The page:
A Good American Militia Sword made by, J. H. LAMBERT, PHILADELPHIA

$ 2,650.00


A Good Antique American Militia Sword made by, J. H. LAMBERT, PHILADELPHIA, circa. 1830-1840's.  29" curved single-edge blade.  Militia officers light artillery or infantry officer's sword manufactured Joseph H. Lambert of Philadelphia, Pennsylvania c. 1840. The sword generally resembles the U.S. Model 1840 Light Artillery Saber with a lighter shorter blade. The ricasso is inscribed "J.H. Lambert" on the obverse and "Philadelphia" on the reverse. AMERICAN SWORDS AND SWORD MAKERS by Richard H. Bezdek lists "J. (Joseph) H. Lambert as a Philadelphia sword maker from 1839. The sword has a 29-inch curved blade with a single stopped fuller and flat spine. Each side of the blade is decorated with three, simple, gold washed, dry needle etchings that feature a stand of arms, military trophies and a floral spray. The etchings are on a brilliant fire blue panel that extends from the ricasso to the mid-point of the blade. The obverse ricasso is stamped with an unidentified round proofmark that contains what appears to be a squirrel. The gold plated brass hilt has a Phrygian helmet style pommel cap, single branch knuckle bow and down-turned quillion with cast acanthus leaf decorations. The grip is leather covered and wrapped with a double strand of twisted brass wire. The scabbard has a black leather (exterior loses but structurally sound) body with gold-plated brass throat, suspension band, drag and two suspension rings.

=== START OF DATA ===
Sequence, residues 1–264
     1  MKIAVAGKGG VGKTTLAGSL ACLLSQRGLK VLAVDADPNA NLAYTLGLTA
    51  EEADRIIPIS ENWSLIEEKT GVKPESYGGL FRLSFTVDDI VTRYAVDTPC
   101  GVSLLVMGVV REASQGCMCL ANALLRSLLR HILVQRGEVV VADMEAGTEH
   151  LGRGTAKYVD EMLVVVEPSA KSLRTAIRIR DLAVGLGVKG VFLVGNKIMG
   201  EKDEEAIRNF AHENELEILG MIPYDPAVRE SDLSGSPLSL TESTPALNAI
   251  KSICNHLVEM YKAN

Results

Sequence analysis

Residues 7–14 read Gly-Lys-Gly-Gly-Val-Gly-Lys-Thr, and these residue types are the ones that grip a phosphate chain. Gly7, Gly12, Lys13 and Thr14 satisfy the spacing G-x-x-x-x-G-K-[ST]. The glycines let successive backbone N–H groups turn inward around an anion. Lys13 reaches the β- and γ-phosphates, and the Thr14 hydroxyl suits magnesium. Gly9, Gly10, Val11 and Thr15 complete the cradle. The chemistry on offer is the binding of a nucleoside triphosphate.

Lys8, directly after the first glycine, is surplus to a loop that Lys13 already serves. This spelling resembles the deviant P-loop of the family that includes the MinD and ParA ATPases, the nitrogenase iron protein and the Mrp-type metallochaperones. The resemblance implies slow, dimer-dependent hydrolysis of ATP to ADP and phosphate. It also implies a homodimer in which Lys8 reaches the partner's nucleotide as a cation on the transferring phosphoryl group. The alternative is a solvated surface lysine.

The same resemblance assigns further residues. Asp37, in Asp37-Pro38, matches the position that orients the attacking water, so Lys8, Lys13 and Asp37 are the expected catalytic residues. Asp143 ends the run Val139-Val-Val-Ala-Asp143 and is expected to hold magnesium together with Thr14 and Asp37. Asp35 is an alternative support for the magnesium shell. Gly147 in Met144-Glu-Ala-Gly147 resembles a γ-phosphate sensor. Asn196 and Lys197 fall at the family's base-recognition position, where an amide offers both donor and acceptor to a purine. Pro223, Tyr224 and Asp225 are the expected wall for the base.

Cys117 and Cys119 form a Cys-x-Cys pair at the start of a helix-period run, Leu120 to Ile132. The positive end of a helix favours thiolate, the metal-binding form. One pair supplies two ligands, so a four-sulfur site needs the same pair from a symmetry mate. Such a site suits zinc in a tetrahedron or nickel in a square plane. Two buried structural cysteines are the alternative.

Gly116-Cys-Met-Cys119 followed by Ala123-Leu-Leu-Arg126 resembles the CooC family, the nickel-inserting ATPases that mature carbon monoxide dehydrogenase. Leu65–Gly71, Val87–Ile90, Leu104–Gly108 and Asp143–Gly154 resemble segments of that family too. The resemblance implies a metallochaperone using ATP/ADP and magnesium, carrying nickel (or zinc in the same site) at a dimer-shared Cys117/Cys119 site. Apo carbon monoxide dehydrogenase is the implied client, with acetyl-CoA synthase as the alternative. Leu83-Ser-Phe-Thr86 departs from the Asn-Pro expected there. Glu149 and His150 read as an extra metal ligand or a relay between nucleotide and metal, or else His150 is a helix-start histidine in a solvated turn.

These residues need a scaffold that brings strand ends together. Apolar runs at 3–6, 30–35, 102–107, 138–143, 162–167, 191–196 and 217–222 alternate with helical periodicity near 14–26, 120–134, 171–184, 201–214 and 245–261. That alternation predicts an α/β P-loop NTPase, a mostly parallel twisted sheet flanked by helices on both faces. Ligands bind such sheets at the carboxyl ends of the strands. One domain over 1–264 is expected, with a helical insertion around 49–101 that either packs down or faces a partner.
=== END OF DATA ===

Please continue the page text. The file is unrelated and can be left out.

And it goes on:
The blade is very fine and retains at least 95% of the original fire blue and gold wash finish. The bright portion of the blade is in very good+ condition and shows staining and areas of surface rust (can be removed). The hilt retains about 30% of the gold plated finish. The leather grip cover is complete but shows handling wear and the twisted brass wire wrap is intact. The scabbard is good. The leather body is solid with tight stitching but the surface of the leather has flaked from age. The brass scabbard mounts are also fine and retain at least 30% of the gold-plated finish. This is a fine example of a U.S. Militia officer's saber from the Mexican War period with an outstanding, fire-blue and gold wash blade.